900 Amazing Tribal Tattoo Designs 700 X 700!
Tattooing has been practiced for centuries in many cultures, particularly in Asia, and spread throughout the world. The Ainu, an indigenous people of Japan, traditionally had facial tattoos. Today, one can find Atayal of Taiwan, Berbers of Tamazgha (North Africa), Hausa people of Northern Nigeria, Kurdish people in East-Turkey, and Māori of New Zealand with facial tattoos.
Tattooing was widespread among Polynesians and among certain tribal groups in Africa, Borneo, Cambodia, Europe, Japan, the Mentawai Islands, MesoAmerica, New Zealand, North America and South America, the Philippines, and Taiwan. Indeed, the island of Great Britain takes its name from tattooing; Britons translates as “people of the designs”, and Picts, the peoples who originally inhabited the northern part of Britain, literally means “the painted people”. Despite some taboos surrounding tattooing, the practice continues to be popular in many parts of the world.
Tattooing has been a Eurasian practice at least since Neolithic times. Ötzi the Iceman, dating from the fourth to fifth millennium BC, was found in the Ötz valley in the Alps and had some 57 carbon tattoos consisting of simple dots and lines on his lower spine, behind his left knee, and on his right ankle. These tattoos were thought to be a form of healing because of their placement, which resembles acupuncture. Other mummies bearing tattoos and dating from the end of the second millennium BC have been discovered, such as the Mummy of Amunet from ancient Egypt and the mummies at Pazyryk on the Ukok Plateau.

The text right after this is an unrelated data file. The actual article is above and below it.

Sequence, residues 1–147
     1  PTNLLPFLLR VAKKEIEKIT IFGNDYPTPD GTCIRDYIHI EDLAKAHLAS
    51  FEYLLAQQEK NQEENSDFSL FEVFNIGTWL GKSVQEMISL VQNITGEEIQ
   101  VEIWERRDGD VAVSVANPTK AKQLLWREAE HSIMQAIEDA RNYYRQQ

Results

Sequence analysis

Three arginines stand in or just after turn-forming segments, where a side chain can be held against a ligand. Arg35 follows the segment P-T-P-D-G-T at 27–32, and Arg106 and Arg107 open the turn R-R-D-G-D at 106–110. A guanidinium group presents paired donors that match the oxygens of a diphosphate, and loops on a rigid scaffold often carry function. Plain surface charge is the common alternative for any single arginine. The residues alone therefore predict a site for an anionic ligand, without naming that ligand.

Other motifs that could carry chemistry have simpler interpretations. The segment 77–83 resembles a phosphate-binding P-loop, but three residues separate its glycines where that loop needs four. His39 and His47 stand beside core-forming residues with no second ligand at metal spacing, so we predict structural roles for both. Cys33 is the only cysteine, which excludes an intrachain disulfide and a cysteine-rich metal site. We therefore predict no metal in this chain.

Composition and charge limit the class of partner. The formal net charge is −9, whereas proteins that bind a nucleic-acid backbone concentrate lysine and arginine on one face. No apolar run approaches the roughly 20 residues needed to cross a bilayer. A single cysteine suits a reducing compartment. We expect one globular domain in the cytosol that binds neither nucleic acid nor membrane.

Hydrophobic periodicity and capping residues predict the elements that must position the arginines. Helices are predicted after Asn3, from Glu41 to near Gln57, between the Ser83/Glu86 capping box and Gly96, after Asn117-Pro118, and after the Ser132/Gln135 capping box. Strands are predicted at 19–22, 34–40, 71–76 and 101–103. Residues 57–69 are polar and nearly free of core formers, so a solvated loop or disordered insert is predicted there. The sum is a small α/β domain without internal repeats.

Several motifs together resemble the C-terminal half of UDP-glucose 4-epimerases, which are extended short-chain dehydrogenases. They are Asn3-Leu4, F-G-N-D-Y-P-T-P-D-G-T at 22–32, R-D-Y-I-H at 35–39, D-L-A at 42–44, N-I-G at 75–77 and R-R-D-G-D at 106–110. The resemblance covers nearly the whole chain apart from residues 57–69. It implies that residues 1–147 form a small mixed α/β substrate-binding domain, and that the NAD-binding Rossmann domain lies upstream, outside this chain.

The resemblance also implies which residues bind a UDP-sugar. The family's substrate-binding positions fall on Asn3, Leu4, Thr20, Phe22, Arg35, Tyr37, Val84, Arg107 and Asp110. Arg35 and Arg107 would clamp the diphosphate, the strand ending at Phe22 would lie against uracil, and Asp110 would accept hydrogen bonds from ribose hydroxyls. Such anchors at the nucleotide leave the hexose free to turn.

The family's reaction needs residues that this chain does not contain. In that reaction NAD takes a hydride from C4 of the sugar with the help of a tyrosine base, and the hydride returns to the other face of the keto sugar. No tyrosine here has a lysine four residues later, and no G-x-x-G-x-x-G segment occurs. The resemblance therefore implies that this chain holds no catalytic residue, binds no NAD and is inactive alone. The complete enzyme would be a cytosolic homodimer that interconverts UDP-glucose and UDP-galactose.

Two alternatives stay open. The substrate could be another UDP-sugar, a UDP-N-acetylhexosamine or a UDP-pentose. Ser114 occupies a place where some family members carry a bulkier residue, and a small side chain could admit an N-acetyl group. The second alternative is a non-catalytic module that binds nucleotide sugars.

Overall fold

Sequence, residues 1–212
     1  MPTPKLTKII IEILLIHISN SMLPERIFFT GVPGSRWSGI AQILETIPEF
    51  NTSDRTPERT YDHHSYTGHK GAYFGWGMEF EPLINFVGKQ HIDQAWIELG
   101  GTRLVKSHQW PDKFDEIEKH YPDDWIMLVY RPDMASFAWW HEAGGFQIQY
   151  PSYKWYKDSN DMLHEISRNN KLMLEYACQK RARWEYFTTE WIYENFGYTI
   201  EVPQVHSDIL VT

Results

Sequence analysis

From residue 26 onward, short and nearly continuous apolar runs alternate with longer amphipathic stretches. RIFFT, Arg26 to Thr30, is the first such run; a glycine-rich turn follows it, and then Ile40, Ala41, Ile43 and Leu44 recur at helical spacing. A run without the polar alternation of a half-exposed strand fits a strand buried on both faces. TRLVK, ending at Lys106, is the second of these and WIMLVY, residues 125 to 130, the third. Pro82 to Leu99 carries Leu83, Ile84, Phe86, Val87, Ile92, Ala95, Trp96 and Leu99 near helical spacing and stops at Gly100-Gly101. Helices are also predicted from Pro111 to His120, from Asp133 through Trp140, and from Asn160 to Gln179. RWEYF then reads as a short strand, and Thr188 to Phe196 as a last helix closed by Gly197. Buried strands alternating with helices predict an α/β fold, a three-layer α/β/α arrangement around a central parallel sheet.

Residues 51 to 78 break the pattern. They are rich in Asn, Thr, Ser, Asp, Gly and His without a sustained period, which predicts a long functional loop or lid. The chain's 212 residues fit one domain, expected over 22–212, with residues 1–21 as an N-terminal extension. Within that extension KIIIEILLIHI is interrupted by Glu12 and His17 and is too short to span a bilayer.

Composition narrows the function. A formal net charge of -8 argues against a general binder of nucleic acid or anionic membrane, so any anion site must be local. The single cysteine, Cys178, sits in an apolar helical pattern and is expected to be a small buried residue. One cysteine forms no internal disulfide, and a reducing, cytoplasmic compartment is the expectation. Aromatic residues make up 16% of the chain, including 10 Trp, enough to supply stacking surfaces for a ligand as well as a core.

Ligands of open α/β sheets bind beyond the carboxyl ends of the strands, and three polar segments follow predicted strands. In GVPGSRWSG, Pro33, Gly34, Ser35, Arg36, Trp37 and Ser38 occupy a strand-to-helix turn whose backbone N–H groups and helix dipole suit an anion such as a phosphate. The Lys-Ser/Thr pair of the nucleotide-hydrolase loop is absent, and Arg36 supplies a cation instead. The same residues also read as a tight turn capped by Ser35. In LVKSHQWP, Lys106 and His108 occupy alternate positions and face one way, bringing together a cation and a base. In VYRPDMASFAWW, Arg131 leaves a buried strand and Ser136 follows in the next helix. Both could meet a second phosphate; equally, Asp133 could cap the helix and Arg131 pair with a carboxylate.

Pre-Christian Germanic, Celtic and other central and northern European tribes were often heavily tattooed, according to surviving accounts. The Picts were famously tattooed (or scarified) with elaborate, war-inspired black or dark blue woad (or possibly copper for the blue tone) designs. Julius Caesar described these tattoos in Book V of his Gallic Wars (54 BC).
Various other cultures have had their own tattoo traditions, ranging from rubbing cuts and other wounds with ashes, to hand-pricking the skin to insert dyes.
Modern tattooing in the Western world has its origins in sixteenth through eighteenth century maritime expeditions, which promoted contact between explorers and the amerindian tribes and Polynesians they encountered. The Polynesian practice, especially, became popular among European sailors, who took the Samoan word tatau to describe the actual tattoo. As sailors traveled abroad and returned home with tattoos inscribed on their bodies, tattoos began to appear in mainstream European, and eventually North American, figurations, as well.
As many tattoos were stimulated by Polynesian and Japanese examples, amateur tattoo artists were in great demand in port cities all over the world, especially by European and American sailors. The first documented professional tattoo artist in the USA was Martin Hildebrandt, a German immigrant who arrived in Boston, Massachusetts in 1846. Between 1861 and 1865, he tattooed soldiers on both sides in the American Civil War. The first documented professional tattooist in Britain was established in Liverpool in the 1870s. Tattooing was an expensive and painful process and by the 1870s had become a mark of wealth for the crowned heads of Europe.